Pooh Sticks is a really special game to me. My mother loved Winnie the Pooh, and after our discovery of the House at Pooh Corner and the original Pooh Sticks bridge in Ashdown Forest last year, I knew we had to take her there when they came to visit us last December.
Unfortunately she became aggressively ill and died two weeks after arriving on their holiday and she never made it to Pooh Sticks Bridge. Instead we went as what was left of our family a few days later, we played Pooh Sticks, we sat waiting to see if Pooh and his friends were coming back, but alas, they were off on an adventure, and we lit a Chinese lantern and sent it up into the sky.
So, yes, the game that Pooh invented and played with pine cones has a very special place in my heart.
One day, when Pooh bear was just walking along the bridge with a fir cone in his paw, in his own world, not looking where he was going (probably thinking about honey), he tripped over something. This made the fir-cone jerk out of his paw into the river.
“Bother”, said Pooh, as it floated slowly under the bridge. So Pooh went to get another fir cone, but then thought that he would just look at the river instead, because it was a peaceful sort of day. So, he lay down and looked at it, and it slipped slowly away beneath him, and suddenly, there was his fir-cone slipping away too. ‘That’s funny,’ said Pooh. ‘I dropped it on the other side,’ said Pooh, ‘and it came out on this side! I wonder if it would do it again?’
And he went back for some more fir-cones. It did. It kept on doing it. Then he dropped two in at once, and leant over the bridge to see which of them would come out first; and one of them did; but as they were both the same size, he didn’t know if it was the one which he wanted to win, or the other one. So the next time he dropped one big one and one little one, and the big one came out first, which was what he had said it would do, and the little one came out last, which was what he had said it would do, so he had won twice … and then he went home for tea.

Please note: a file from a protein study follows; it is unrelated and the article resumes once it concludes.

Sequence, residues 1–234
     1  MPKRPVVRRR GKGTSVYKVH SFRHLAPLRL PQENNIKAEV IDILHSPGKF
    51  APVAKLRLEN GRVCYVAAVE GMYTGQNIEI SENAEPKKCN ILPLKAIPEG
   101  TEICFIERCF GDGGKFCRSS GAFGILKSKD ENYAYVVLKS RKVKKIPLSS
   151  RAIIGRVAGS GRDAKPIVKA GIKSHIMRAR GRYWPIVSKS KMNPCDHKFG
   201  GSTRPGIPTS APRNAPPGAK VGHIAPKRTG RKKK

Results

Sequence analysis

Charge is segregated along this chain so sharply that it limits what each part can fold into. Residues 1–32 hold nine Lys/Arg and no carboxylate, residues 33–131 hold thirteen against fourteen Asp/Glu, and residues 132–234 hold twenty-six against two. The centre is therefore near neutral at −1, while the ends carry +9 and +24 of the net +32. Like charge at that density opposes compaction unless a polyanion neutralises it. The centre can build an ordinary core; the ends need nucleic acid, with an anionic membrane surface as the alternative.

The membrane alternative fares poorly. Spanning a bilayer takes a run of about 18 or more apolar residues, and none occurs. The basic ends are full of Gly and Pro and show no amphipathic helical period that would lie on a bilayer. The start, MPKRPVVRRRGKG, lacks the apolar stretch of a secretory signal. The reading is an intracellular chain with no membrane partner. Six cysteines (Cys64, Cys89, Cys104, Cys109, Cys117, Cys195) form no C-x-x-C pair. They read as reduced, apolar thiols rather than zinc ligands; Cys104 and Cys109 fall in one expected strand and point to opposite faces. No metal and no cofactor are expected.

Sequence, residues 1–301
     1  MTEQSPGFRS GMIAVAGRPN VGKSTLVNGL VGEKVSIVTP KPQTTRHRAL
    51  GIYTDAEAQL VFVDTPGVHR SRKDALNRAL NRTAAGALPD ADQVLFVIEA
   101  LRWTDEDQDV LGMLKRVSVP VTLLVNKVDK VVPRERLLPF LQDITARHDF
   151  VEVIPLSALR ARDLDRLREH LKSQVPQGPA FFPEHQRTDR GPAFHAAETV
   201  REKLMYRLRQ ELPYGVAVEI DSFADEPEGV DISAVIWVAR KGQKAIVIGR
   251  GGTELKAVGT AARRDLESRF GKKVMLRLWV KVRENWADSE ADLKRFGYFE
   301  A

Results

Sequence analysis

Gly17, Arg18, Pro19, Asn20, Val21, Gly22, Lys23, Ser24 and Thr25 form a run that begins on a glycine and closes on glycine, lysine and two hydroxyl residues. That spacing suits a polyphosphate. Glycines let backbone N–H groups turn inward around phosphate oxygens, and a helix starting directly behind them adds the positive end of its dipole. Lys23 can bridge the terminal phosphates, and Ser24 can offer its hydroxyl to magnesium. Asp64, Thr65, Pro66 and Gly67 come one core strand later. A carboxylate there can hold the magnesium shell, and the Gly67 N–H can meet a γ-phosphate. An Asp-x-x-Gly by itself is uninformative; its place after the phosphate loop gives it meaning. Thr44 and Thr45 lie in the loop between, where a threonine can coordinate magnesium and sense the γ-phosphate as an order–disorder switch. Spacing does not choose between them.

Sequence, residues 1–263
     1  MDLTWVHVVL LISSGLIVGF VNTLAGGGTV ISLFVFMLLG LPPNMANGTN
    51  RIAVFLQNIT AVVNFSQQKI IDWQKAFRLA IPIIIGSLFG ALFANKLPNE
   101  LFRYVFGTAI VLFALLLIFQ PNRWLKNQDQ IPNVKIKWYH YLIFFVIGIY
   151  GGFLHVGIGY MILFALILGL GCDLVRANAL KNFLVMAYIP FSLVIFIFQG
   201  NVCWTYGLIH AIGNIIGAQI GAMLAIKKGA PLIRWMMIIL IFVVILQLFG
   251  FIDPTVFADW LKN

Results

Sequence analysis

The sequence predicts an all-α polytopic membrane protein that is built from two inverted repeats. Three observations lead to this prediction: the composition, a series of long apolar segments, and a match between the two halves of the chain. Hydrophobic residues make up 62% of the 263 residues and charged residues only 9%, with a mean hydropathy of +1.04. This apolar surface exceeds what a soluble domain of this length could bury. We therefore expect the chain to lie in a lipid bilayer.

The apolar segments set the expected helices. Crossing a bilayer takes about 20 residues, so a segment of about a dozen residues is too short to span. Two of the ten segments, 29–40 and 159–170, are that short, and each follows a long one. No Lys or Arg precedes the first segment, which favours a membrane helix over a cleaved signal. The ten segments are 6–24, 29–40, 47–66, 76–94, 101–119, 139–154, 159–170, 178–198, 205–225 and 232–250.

And that was the beginning of the game called Poohsticks, which Pooh invented, and which he and his friends used to play on the edge of the Forest. But they played with sticks instead of fir-cones, because they were easier to mark.’
If you were that way inclined, this would make a pretty good physics lesson too – something about speed and weight, trajectory, force and a whole lot of other factors too. Or you could just have fun. The kids certainly love it.
We’re completing the National Trust’s #50Things campaign because, well, it’s great. This was number 19: Play Pooh Sticks on their list. You can see the full list here.